Illinois oil train derailment involved safer tank cars

Oil Train Derailment Illinois

Fiery oil train derailment in western Illinois involved tank cars built to safer standard

Power Source

By The Associated Press

GALENA, Ill. (AP) — The two rail cars that split open and burst into flames during a western Illinois oil train derailment were retrofitted with protective shields to meet a higher safety standard than federal law requires, the railroad said.

Thursday’s accident in a rural area south of the city of Galena is the latest failure of the safer tank car model and raises more concerns that even tougher requirements are needed.

Six of the BNSF Railway train’s 105 cars derailed in an area where the Galena River meets the Mississippi. Two of those cars burst into flames. No injuries have been reported.

The company said in a news release that the train’s tank cars were a newer model known as the 1232, which was designed during safety upgrades voluntarily adopted by the industry four years ago in hopes of keeping cars from rupturing during derailments. But 1232 standard cars involved in three other accidents have split open in the past year, leading some to call for tougher requirements.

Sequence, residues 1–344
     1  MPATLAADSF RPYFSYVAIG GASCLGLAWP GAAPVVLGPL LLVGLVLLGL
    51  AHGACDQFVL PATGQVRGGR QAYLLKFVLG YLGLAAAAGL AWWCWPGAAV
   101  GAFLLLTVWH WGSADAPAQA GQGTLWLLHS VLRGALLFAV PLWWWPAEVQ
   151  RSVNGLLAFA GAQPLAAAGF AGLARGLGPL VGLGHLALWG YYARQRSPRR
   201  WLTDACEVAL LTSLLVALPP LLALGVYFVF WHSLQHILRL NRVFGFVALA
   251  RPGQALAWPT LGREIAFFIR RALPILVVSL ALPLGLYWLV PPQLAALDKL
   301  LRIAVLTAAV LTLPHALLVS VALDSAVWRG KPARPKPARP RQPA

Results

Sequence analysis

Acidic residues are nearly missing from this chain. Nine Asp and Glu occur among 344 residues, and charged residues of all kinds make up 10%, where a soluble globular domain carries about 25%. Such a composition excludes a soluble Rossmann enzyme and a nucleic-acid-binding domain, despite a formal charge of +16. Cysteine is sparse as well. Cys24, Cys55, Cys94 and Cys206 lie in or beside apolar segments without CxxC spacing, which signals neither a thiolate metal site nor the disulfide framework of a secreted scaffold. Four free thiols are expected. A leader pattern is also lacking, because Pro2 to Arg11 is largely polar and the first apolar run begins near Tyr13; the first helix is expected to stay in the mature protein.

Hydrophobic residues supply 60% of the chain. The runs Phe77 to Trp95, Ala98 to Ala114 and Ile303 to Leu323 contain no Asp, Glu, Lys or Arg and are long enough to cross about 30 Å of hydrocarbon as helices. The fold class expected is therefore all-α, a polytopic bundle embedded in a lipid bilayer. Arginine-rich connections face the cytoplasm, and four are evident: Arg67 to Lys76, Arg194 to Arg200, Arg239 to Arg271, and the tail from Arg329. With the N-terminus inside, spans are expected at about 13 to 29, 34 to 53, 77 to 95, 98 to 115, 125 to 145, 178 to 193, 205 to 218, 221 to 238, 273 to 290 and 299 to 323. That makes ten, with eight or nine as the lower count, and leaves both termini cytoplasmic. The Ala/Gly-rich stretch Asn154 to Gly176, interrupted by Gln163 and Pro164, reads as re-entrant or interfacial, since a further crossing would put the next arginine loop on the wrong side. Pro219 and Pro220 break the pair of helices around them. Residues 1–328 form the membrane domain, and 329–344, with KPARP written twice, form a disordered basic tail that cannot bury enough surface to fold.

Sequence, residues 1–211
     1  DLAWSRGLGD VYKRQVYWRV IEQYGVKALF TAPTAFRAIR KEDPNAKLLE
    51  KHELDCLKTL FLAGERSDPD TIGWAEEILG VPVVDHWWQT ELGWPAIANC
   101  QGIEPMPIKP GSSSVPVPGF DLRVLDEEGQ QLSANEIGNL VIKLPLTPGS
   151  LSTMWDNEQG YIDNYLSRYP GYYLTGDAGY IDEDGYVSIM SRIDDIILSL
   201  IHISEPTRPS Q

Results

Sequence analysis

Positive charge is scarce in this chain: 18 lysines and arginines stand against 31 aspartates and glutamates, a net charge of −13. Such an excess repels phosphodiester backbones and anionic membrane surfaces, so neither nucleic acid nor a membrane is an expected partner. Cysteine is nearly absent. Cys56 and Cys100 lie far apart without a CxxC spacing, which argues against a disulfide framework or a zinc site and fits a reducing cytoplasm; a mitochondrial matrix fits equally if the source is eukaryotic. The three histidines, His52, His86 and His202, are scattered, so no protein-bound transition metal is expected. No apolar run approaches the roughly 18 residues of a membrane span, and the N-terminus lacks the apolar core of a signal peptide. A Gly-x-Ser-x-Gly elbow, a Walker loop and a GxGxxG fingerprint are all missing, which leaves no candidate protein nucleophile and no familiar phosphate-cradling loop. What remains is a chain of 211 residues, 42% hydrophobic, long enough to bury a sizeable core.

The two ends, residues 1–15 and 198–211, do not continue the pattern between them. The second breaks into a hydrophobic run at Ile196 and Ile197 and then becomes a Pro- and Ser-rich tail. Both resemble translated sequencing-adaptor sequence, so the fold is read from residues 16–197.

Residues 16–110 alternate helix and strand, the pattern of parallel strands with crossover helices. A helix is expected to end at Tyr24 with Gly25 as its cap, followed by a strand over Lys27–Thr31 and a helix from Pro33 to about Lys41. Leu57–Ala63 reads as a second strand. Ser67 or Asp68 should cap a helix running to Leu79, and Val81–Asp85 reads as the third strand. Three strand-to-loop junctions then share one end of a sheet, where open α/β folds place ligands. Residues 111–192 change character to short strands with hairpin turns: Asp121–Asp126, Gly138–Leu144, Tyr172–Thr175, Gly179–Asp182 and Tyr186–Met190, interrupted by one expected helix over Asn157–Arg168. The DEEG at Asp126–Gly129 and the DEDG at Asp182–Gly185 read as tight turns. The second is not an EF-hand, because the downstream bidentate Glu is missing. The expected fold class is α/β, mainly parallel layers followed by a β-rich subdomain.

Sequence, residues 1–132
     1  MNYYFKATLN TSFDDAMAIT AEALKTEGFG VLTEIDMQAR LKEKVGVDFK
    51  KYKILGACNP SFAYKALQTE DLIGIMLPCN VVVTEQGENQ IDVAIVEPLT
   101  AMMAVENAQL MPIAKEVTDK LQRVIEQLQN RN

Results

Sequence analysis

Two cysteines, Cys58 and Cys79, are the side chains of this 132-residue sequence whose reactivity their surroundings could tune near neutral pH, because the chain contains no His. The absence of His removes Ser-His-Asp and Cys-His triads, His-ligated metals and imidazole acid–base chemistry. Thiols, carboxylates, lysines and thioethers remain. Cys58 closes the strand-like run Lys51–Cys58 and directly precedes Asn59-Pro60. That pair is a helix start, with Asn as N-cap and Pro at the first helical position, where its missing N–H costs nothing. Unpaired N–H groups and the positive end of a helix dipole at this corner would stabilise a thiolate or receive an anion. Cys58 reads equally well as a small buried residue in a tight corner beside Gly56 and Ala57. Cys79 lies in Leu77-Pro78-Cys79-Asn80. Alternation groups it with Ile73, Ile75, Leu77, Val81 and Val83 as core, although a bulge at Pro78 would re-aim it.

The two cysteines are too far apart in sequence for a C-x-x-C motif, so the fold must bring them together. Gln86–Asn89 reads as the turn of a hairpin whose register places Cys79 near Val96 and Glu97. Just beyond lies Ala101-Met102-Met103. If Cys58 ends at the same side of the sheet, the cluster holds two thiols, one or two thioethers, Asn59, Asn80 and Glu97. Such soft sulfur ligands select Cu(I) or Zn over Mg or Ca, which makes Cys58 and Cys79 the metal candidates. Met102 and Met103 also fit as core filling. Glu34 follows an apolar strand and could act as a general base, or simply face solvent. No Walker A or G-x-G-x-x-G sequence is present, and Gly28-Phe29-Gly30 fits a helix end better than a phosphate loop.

Those other accidents included one last month in West Virginia in which a train carrying 3 million gallons of North Dakota crude derailed, shooting fireballs into the sky, leaking oil into a waterway and burning down a house. The home’s owner was treated for smoke inhalation, but no one else was injured.

Thursday’s accident in Illinois led local officials to announce a voluntary evacuation of an area within 1 mile because of the presence of a propane tank near the derailment. Only a family of two agreed to leave their home, Galena City Administrator Mark Moran said Thursday.

The train had 103 cars loaded with crude oil, along with two buffer cars loaded with sand, according to company spokesman Andy Williams. The cause of the derailment hasn’t been determined.

The accident occurred 3 miles south of Galena in a wooded and hilly area that is a major tourist attraction and the home of former President Ulysses S. Grant.

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